; pull clock options from clock static RAM
    hi2cin 10, (tpos, spos, apos, zpos, dpos, mpos, wpos, tz)

; fall through to reset clock and refresh with new clock read

    For i = clock_data to clock_data_yr
        put i, $FF     ; fill buffer to assure all data read,
    Next i              ; formatted, and put in display buffer
    Gosub LCD_Reset     ; clear display

; fall through to read_clock to read and display the current clock data

Read time and date and format for display. The first 8 bytes in clock are BCD time values with hour having flag. The routine uses b0 and the defined registers. Clock display data updated to LCD position as indicated. The BCD clock data with a few flags thrown in (e.g. hours) needs a great deal of care if using a time value in tests or calculations. For values <10, BCD and binary are the same but >9 means the high order nibble is another digit (like in hexadecimal notation).

Note that the calls to the LCD set position and display characters are omitted in this code to emphasise the clock data processing.

; Seconds
    hi2cin 0,(sc)
    get clock_data, b0
    If b0 = sc Then
        Return  ; no time change, leave as is
    put clock_data, sc      ; update time buffer
    If spos < $FF Then
        BCDtoASCII sc, i, j     ; seconds (CH assumed not set)
        b0 = spos
 ; [[ position LCD to b0 and then display i and j ]]
        Sertxd("sec @",#b0,"=",i,j,cr,lf)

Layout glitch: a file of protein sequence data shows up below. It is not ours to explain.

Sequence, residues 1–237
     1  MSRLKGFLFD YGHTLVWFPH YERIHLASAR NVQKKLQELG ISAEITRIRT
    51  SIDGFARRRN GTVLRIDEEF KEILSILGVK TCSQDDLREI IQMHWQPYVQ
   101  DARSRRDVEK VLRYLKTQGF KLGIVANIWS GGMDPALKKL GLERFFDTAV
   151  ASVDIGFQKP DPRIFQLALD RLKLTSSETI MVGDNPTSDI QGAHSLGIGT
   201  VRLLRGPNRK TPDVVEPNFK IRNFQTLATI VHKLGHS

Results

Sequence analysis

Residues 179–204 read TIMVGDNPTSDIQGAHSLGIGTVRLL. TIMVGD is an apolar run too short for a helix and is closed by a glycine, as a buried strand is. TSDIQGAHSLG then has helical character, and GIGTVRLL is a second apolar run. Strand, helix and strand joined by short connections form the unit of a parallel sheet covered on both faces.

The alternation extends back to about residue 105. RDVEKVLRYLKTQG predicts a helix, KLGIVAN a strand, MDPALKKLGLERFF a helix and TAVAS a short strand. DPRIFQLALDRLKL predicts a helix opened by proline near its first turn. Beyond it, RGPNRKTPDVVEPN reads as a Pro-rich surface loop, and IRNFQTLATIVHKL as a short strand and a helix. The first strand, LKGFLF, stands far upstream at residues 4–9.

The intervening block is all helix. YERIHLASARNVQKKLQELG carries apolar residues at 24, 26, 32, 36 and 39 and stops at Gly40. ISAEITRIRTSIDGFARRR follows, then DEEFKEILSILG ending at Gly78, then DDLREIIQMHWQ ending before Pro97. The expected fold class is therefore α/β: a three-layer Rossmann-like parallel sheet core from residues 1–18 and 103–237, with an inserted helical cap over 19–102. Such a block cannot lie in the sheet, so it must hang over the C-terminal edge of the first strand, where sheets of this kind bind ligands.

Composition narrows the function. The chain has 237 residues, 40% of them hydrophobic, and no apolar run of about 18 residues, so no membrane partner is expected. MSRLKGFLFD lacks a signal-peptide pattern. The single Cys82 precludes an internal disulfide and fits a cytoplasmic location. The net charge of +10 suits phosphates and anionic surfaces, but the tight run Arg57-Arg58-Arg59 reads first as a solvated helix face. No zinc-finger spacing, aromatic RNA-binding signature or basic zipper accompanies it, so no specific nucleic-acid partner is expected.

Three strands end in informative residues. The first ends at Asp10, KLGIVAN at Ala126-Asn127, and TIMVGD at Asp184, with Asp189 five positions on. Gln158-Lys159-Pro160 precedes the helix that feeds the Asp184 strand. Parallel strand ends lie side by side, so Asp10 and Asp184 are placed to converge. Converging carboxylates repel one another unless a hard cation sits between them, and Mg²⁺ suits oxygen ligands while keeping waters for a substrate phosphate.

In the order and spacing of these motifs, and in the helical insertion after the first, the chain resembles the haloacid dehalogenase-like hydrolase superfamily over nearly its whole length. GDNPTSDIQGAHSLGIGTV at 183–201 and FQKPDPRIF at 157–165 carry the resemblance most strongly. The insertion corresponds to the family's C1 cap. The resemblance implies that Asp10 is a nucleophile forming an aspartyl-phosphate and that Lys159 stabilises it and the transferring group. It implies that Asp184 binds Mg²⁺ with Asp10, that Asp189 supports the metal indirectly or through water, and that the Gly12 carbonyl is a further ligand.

This pattern of reads, comparison to scratchpad values, scratchpad updating, and display if position is valid is repeated for the other clock values. For Hours, it is necessary to parse out the 12 or 24 hour mode bit and the am/pm bit.

; Hours
    hi2cin 2,(hr)
    get clock_data_hr, b0
    If b0 = hr Then
    put clock_data_hr, hr
    b0 = hr         ; easier to check bits
    If bit6 = 1 Then    ; 12 hour mode
        morning = bit5  ; mainly used for DST testing
        If bit5 = 1 Then
            i = "p"
            bit5 = 0
            i = "a"
        bit6 = 0        ; clear bit for BCD conversion
        hr = b0         ; am/pm bits cleaned saved
    ;   If apos < $FF Then ; print am or pm
    ;   EndIf
    ; Else          ; 24 hour mode
    ;   If hr < 12 Then
    ;       morning = 0
    ;   Else
    ;       morning = 1
    ;   EndIf

The morning flag is used for daylight savings time checks. Calculating day of week and checking for daylight savings time adjustments are on the agenda. As the magic DST hour is this weekend, it is a good time to check the tests for whether the clock should be adjusted. As always, there are complications to consider. One of them is that the VCC lead to my LCD display broke, and something else got messed up so I had to spend time figuring out how to fix those problems so I could run tests to get the major bugs fixed.

For this sample, though, go through the code and look for the I2C communications commands hi2csetup, hi2cin, and hi2cout. Look at how the BCD routines built into the PICAXE are used. Here, they are mainly to get display values but in some places, binary values are needed for calculation.

Don’t worry, the whole thing will get posted to the TCL software library before long.

Post a Comment

You must be logged in to post a comment.